Dec 18 - Fitch Ratings maintains the Rating Watch Negative on Stockton
Public Finance Authority, California's (the authority) 'BB+' underlying ratings.
A complete list of the authority's ratings can be found at the end of this press
The 2005 series A and series 2010A bonds are payable from installment payments
made by the city of Stockton, California (the city) to the authority, with such
installment payments secured by a senior lien pledge of net revenues of the
city's water system (the system). The series 2009A and 2009B bonds are
subordinate lien bonds and are secured by net system revenues after payment of
senior lien obligations. The authority has assigned its rights to receive
installment payments from the city to the trustee for the benefit of
KEY RATING DRIVERS
NEGATIVE WATCH MAINTAINED: With the city's petition for Chapter 9 bankruptcy
protection on June 28, Fitch remains concerned about potential event risks that
may arise and could negatively impact the financial health of the system or the
ability of the system to make full and timely payment to bondholders. These
event risks continue to include, but are not limited to, the treatment of
pledged revenues during bankruptcy proceedings and declaration by creditors of
an event of default under the financing agreements.
CITY ACTIONS IMPAIR SYSTEM CREDIT QUALITY: The city's actions in recent months,
culminating with the bankruptcy filing in June, call into question the city's
ultimate willingness to pay debt service on system obligations. While the system
currently remains solvent and appears capable of meeting near-term obligations,
various events of default have been triggered under the system's financing
agreements, having exposed the system to possible bond acceleration.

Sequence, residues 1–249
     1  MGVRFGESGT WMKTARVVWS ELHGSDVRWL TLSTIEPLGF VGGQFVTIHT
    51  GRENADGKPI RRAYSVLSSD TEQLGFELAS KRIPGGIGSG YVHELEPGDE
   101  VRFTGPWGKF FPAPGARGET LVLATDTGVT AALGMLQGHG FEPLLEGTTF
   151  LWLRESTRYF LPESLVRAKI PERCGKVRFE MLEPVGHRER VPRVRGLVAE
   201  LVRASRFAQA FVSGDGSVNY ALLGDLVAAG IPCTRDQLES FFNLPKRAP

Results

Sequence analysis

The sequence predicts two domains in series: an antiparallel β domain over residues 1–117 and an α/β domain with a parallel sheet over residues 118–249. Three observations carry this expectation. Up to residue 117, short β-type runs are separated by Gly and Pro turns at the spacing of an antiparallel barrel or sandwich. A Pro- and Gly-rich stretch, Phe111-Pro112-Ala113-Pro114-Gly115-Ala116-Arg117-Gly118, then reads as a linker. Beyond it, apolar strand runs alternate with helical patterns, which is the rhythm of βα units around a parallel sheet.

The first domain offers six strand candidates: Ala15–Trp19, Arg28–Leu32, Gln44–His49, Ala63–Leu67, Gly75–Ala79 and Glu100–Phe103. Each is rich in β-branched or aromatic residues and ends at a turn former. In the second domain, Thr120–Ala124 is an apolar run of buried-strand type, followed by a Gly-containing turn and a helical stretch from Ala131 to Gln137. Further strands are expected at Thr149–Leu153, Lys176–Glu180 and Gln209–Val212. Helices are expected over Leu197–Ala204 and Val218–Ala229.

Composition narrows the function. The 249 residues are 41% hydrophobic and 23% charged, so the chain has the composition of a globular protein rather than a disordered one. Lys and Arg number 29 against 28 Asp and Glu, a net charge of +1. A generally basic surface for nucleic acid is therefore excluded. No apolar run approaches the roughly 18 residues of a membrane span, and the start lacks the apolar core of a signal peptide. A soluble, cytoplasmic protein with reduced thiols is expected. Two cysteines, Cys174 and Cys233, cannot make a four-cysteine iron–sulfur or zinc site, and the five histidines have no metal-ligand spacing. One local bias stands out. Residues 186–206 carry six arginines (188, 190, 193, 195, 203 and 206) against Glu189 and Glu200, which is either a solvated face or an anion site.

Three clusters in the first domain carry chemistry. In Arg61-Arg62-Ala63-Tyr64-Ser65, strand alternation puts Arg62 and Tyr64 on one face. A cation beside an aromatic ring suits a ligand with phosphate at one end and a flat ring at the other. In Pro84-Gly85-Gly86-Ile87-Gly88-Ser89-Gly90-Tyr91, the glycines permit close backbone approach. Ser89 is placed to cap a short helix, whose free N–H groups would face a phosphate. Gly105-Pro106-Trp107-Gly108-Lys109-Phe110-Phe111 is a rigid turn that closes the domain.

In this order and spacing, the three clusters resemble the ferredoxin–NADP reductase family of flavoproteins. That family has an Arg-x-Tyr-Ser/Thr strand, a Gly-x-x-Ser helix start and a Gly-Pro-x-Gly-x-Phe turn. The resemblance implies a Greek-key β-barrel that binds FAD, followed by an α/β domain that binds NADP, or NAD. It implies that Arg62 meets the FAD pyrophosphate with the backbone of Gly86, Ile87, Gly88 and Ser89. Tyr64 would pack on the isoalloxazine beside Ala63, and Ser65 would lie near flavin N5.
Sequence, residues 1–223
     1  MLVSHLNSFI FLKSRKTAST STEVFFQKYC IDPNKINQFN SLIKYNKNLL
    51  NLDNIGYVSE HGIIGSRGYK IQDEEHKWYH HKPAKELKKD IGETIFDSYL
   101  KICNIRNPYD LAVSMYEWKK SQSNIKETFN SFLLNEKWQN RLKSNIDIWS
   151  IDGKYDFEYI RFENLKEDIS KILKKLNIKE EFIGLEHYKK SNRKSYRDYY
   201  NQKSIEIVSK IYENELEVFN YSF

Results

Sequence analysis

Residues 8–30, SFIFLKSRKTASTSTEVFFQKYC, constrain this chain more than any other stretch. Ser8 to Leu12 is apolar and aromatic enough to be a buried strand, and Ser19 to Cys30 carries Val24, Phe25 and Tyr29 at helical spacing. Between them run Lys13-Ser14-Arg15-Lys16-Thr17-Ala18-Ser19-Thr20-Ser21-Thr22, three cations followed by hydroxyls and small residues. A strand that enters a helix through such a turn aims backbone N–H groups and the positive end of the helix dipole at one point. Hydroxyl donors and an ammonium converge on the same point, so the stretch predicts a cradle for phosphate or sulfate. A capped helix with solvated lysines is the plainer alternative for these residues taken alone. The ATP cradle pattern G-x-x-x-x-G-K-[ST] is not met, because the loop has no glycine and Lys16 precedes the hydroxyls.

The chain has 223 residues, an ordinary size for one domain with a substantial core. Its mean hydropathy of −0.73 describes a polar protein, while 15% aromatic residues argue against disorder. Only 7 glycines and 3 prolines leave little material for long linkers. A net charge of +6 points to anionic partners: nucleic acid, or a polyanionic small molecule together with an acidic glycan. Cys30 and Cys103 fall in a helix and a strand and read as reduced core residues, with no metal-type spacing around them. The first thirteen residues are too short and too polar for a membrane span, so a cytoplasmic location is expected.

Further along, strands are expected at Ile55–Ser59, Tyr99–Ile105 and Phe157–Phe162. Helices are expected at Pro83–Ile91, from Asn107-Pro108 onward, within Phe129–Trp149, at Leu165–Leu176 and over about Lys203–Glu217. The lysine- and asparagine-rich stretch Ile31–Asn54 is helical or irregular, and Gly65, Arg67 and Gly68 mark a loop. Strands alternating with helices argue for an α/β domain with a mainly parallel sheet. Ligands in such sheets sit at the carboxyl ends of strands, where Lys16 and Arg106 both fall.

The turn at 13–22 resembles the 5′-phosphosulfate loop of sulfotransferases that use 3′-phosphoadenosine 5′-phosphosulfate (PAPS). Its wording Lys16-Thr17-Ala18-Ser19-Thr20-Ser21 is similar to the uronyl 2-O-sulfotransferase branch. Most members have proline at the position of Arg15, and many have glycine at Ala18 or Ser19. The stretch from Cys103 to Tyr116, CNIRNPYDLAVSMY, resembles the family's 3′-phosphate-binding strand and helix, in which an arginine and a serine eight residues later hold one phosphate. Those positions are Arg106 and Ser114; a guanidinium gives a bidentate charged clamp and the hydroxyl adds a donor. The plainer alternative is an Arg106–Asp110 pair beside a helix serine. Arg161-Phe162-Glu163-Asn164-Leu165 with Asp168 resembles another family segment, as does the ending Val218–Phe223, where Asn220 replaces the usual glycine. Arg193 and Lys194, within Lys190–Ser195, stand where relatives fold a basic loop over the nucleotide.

ADEQUATE OPERATIONS: System financial performance historically has been sound
and the system's current financial position appears adequate.
ELEVATED LEVERAGE: The system maintains a high debt burden coupled with an
extended amortization schedule.
DEPRESSED SERVICE AREA: The service area has been significantly affected by weak
economic and housing conditions.
WHAT COULD TRIGGER A DOWNGRADE
DEVELOPMENTS AFFECTING THE SYSTEM: Fitch's ongoing review will consider both
future actions by the city that could negatively affect the system as well as
any developing external system pressures, including bankruptcy court rulings
adversely affecting system bondholders as well as higher reset rates and bank
bonds associated with the 2010A bonds. Depending on the nature of the event(s),
the ratings on the system bonds could deteriorate rapidly and significantly from
the current rating level.
NEGATIVE WATCH REFLECTS ONGOING RISKS
The Negative Watch primarily reflects Fitch's ongoing concerns regarding
possible conditions both within and outside of the city government that may
affect system operating results. These risks include, but are not limited to,
treatment under the bankruptcy code of pledged revenues and allowable system
operating and maintenance expenses related to the authority's debt as well as
elevated reset rates and potential bank bonds associated with the 2010A bonds.
Evidence or expectation of deteriorating system performance or increased system
exposure to various risks would likely lead to deterioration of system credit
quality, and such downward rating action(s) may be acute and rapid.
CITY GENERAL FUND DRIVES BANKRUPTCY
The city's general fund operations have faced severe financial weakness in
recent years as a result of escalating budgetary costs coupled with
deteriorating revenues stemming from a significant economic downturn within the
city. As a result, the city initiated a neutral evaluation process with
creditors in February for the purpose of obtaining concessions that would allow
the city to balance its fiscal 2013 budget.
The confidential mediation process concluded on June 25, 2012 as scheduled,
without providing sufficient cost reductions to balance the city's fiscal 2013
budget. As a result, the city council passed various resolutions at its June 26,